Nematodes

Nematodes are found everywhere in the ecosystem. Most nematodes, roundworms, feed on micro-organisms such as fungi, bacteria and organic matter.

Most nematodes make a positive contribution by helping to break down organic matter and making nutrients available to plants, for example. A much smaller number of nematodes are what are known as plant-parasitic nematodes. These nematodes can cause considerable damage to many of our crops.



With the naked eye and based on the damage pattern, it is almost impossible to tell with certainty which nematode is involved. Microscopic examination is the sole and necessary solution. The appropriate measures are taken only once it is clear which nematode population is involved. Without this knowledge, steps may be taken too late or incorrectly, and the damage may worsen.



Within the plant-parasitic nematodes, we generally distinguish five main groups: root-knot nematodes, root-lesion nematodes, free-living nematodes, stem nematodes and cyst nematodes. Given below is an overview and the most important features. A complete overview and more information can be found at Kennisakker and www.aaltjesschema.nl (Dutch)

Overzicht nematoden

This group of nematodes causes the characteristic nodules on the roots of plants. The nematodes can reproduce rapidly and on many different crops. The damage results in considerable economic losses, especially due to rejections because of quality and in some cases yield losses. This always depends on the type of nematode and the crop. For example, the Meloidogyne species M. chitwoodi and M. fallax in potatoes are a quarantine disease.



There are several Pratylenchus species, of which P. penetrans is the best known and most damaging. The nematode penetrates the core of the root, leaving behind the characteristic brown spots. A heavier infestation can lead to root rot. The root-lesion nematode must be considered in the crop plan, as it can multiply on a large number of crops.

Besides the direct damage caused by the nematode, the entire root system becomes more susceptible to fungi, among other things. For example, it can increase the effect of scab (Rhizoctonia) and early wilting disease (Verticillium) in potatoes.

 

Most of their active life is spent above ground in the plant parts. That includes the stems, but also the flower buds, for example.

A short life cycle and rapid multiplication mean that the level of infection can increase rapidly during the season.

The nematodes can survive for a long time in the soil, sometimes up to 10 to 20 years, without a host plant. Onions are particularly susceptible to stem nematodes. But sugar beet and potatoes can also suffer a lot of damage. Flower bulbs with stem nematode infection are rejected.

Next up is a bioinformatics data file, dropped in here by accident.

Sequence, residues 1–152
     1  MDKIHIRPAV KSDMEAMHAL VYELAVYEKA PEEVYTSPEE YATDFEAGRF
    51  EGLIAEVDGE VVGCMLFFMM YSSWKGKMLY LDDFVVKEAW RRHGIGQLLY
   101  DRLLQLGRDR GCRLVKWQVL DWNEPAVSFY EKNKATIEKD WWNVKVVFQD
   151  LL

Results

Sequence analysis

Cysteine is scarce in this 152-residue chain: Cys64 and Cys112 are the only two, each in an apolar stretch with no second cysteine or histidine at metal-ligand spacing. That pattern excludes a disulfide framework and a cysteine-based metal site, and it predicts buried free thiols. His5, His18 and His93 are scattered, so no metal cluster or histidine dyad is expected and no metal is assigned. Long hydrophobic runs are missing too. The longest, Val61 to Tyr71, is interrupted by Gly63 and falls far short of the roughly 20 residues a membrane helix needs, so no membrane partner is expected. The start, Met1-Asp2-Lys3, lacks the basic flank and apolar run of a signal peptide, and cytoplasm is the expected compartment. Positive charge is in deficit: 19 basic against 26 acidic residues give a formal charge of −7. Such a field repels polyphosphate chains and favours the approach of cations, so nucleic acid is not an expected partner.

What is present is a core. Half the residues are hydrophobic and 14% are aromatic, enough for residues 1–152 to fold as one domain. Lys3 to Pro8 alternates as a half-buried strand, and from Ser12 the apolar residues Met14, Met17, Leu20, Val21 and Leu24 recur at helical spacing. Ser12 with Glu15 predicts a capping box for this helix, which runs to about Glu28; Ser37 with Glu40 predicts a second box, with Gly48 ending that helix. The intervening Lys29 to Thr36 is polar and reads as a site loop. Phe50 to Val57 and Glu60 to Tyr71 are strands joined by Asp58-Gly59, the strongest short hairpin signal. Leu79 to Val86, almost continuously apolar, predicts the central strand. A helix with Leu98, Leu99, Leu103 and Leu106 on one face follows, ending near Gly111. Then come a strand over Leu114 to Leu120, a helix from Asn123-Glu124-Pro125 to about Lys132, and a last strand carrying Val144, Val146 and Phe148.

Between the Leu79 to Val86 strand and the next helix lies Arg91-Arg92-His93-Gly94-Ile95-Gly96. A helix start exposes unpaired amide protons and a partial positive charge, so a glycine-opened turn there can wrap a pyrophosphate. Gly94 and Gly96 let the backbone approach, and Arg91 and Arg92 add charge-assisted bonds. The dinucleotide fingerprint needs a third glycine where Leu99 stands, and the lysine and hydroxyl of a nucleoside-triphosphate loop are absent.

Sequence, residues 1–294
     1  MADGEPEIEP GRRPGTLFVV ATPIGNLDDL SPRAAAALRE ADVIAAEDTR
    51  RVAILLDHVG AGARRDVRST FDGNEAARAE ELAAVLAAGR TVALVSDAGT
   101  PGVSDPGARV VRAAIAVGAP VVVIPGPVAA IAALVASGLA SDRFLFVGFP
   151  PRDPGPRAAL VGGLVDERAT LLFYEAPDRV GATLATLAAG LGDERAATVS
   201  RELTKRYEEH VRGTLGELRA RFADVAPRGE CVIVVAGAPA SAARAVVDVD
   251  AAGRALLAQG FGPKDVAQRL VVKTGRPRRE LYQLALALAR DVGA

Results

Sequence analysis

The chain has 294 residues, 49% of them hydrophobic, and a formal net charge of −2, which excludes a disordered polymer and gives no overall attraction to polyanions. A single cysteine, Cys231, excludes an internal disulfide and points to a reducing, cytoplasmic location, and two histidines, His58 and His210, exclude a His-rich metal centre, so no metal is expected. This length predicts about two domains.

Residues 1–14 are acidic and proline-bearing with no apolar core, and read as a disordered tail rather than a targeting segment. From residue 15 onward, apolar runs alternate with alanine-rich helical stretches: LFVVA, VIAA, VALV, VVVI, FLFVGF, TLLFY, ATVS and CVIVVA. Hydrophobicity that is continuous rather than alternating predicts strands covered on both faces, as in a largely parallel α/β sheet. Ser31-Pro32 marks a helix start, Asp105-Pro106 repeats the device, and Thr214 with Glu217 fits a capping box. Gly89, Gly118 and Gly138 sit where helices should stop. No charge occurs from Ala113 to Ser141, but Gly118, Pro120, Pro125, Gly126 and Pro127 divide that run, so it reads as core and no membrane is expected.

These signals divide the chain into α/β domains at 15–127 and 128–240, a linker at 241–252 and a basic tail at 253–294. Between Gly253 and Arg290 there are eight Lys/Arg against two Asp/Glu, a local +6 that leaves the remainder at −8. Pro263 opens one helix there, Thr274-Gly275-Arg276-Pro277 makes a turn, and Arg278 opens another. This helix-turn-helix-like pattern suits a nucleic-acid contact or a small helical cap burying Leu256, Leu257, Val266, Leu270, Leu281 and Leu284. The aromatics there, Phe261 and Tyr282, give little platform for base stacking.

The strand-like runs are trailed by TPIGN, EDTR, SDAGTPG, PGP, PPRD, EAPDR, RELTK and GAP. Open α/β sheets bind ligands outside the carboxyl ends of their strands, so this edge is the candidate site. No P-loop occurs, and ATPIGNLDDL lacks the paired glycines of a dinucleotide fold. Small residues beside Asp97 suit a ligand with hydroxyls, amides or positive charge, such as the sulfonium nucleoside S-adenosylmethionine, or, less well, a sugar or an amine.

The free-living nematodes are the species that dwell outside the plant and superficially attack the roots. It is mainly the Trichodorus variants that can cause considerable damage. Even with smaller populations, especially under colder, wet conditions with slow crop growth, the effects can be seen. Characteristically, there is a lot of growth of the root and the sprouts. The damage this causes can be considerable, especially when the nematodes attack the growing point of the root or sprout. The free-living nematodes can also transmit viruses, such as the tobacco rattle virus (TRV)



Cyst nematodes can occur anywhere and are often highly specialised in certain crops. They are generally well-controlled with crop rotation and resistances. However, this is subject to the condition that the correct population can be identified and the right measures taken. Cyst nematodes are characterised by the cysts that remain in the soil containing the eggs. They partly emerge spontaneously during the growing season, even without a host plant in the vicinity. As a result, without host plants, the population gradually decreases. If there is a host plant, the attractants will cause many larvae to hatch in a short time. The larvae enter the root and disrupt the hormone balance there, damaging the root system.

Cyst nematodes can generally be controlled well with resistant varieties, for example. However, the nematodes constantly adapt through selection, which is why a variety selection test can be useful in the case of potatoes. This gives us an insight into the virulence of the population and the effects of varietal resistance against it.